Edmonton

'Stay on alert': High Level fire evacuees heading home today

Thousands of weary residents of High Level can go back to their homes today for the first time since a wildfire threatening the Alberta community prompted a mandatory evacuation.

Returning residents must be ready to leave again in a moment's notice

Firefighters welcomed residents home to High Level after mandatory evacuation orders were lifted Monday morning. (Jared Snyder)

Thousands of weary residents of High Level can go back to their homes today for the first time since a wildfire threatening the Alberta community prompted a mandatory evacuation.

Evacuees from High Level as well as the surrounding areas of Mackenzie County and several Dene Tha' First Nation communities are being allowed to return to their residences.

Entry gates to High Level will open at 10 a.m. local time, but residents have been warned they must be ready to leave again in a moment's notice if the fire threat returns.

"We've had a number of days there where we haven't really seen any real fire activity, any major hot spots or flare-ups in and around the area," Derek Gagnon, a provincial wildfire information officer, said in an interview Monday with CBC Radio's Edmonton AM.

Recent rain in the area also helped with the decision to let people back in, Gagnon said.

The Chuckegg Creek fire, which has been threatening the area and is the largest wildfire in the province, is close to 2,800 square kilometres in size and remains out of control.

Firefighters have built fire breaks and conducted controlled burns to protect the communities since the evacuation order was made two weeks ago. No homes or businesses in High Level have been damaged.

Scattered rain on Saturday and cooler temperatures Sunday helped quell the intensity of the fire, Gagnon said, but the massive blaze continues to challenge firefighters.

The fire has grown to more than 100 kilometres in length, stretching from north to south, he said. The flames remain powerful and unpredictable.

"While the conditions at one end of the fire can be relatively docile and allow people to move back in, we're still working on the other end to try and get it under control," Gagnon said.

While the flames threatening the town of High Level, Alta., have subsided somewhat, a massive fire in the area continues to burn out of control. (Town of High Level/Facebook)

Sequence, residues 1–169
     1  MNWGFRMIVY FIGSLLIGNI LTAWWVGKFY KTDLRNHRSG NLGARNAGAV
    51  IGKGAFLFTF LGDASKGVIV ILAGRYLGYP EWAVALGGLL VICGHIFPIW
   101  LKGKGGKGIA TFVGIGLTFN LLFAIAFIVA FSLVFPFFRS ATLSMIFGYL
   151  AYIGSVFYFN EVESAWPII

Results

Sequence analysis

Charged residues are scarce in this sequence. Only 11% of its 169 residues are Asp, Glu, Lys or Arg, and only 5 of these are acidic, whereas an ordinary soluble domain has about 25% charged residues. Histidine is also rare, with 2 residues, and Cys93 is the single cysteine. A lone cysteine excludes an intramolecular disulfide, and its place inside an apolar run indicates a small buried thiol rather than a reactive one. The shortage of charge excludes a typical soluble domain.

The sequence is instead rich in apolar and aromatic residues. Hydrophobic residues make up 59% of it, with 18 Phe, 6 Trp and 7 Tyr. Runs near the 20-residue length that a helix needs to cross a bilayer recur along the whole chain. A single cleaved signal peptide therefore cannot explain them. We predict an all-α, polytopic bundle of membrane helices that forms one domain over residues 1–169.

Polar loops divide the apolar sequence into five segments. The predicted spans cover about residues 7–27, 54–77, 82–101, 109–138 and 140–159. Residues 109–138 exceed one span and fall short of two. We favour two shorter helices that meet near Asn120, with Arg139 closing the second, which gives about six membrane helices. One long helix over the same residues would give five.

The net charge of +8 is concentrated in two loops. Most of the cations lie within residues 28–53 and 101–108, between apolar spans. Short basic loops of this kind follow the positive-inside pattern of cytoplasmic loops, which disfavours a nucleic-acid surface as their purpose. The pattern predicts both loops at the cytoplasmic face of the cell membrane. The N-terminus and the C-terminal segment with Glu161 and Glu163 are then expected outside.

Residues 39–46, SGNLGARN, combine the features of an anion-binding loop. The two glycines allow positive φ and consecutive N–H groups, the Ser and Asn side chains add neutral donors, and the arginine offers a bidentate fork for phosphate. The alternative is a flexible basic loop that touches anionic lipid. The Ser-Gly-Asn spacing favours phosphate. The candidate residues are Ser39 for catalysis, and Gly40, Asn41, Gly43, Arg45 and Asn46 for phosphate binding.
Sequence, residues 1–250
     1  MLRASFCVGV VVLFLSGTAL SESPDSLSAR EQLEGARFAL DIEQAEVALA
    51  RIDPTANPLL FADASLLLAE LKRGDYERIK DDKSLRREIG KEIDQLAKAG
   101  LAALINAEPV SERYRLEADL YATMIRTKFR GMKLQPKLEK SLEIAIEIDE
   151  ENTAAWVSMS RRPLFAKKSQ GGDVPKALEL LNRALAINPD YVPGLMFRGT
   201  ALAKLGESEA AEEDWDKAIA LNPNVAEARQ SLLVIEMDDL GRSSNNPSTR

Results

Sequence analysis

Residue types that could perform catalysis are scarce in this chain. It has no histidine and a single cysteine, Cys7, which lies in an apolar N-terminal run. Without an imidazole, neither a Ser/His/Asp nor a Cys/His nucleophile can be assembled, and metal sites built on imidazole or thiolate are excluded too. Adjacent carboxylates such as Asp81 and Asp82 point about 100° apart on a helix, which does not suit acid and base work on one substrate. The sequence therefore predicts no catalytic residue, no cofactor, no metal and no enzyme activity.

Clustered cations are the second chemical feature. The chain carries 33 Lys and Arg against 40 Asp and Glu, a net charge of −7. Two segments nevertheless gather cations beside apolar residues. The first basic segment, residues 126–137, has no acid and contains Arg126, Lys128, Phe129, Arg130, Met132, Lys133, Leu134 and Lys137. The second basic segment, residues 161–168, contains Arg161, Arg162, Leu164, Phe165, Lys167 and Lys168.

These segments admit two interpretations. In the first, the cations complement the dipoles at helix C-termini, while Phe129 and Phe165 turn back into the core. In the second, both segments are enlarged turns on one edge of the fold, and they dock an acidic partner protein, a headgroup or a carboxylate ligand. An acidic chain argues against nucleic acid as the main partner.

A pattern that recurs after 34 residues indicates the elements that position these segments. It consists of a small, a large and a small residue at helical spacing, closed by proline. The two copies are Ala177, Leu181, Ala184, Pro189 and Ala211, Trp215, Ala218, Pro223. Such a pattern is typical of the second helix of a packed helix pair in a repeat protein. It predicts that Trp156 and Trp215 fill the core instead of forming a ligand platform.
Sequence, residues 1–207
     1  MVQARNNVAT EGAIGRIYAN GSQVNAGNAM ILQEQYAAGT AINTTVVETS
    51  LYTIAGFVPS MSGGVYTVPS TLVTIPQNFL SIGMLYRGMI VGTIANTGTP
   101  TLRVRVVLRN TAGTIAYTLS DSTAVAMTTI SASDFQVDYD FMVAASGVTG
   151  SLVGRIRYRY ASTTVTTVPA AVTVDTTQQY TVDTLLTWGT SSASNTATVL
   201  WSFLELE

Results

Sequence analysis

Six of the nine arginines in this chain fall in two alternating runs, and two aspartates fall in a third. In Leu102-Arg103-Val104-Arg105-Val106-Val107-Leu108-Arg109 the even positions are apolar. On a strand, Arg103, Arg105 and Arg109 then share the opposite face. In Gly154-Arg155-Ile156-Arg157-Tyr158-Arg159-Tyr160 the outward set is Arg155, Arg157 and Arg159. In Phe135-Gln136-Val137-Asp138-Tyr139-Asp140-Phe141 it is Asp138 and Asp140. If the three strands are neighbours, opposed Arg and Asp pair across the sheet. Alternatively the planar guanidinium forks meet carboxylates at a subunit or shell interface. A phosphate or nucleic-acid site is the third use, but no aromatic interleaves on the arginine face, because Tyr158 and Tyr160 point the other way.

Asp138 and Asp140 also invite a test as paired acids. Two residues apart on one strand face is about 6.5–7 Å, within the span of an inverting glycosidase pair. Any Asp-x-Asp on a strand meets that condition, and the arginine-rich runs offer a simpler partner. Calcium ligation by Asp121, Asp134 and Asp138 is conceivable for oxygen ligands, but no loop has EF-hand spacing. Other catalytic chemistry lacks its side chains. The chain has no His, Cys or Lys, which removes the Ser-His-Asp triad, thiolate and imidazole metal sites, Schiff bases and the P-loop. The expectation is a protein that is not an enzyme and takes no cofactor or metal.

The announcement to lift the evacuation order in the High Level area was made on the town's official Facebook page Sunday, accompanied by a video with municipal leaders from the town, county and First Nation, along with Premier Jason Kenney, at a firefighting command post.

"Live from the forestry base, we have some excellent news to tell you today. We want to tell everybody that yes, you can come home," High Level Mayor Crystal McAteer said in the video.

More than 4,000 people can return home. McAteer said in the video that while the mandatory evacuation order will be lifted, an evacuation alert will remain in place, meaning residents should be ready to leave again at short notice if the fire threat returns.

"Please be cognizant of the fact that we are on alert and you may have to leave sometime. You may not have to leave at all, but stay on alert," McAteer said, adding that grocery stores, banks and hospitals will be open.

"Everything's ready so when you come back tomorrow, we'll be very excited to see you," McAteer said.

Evacuees in Mackenzie County and the Dene Tha' First Nation communities of Bushe River, Meander River and Chateh can also return.

"Everybody make sure that they travel safely, there's going to be lots of vehicles on the road and I wish you all a safe journey and welcome home tomorrow," Dene Tha' Chief James Ahnassay said in the video.

'We're hopeful' 

The town of High Level noted in the Facebook announcement that returning evacuees will receive a re-entry package with information such as how to flush taps to clear stagnant water, as well as how and where to dispose of spoiled food.

Residents of Slave Lake, which was partially destroyed by a wildfire in 2011 and where many of the evacuees from High Level have been housed, remain on an eight-hour evacuation alert due to fires burning about 33 kilometres to the northeast.

Around 2,300 firefighters from across the country are doing their best to corral fires burning across northern Alberta. 

"With more rain in the forecast, we're hopeful that some of these fire intensities can come down," Gagnon said. 

"A big rain can go a long way toward getting a fire extinguished but it's the people working on the ground to make sure all those little hot spots are out that really are the ones that push it over that final hurdle to ensure it's extinguished."

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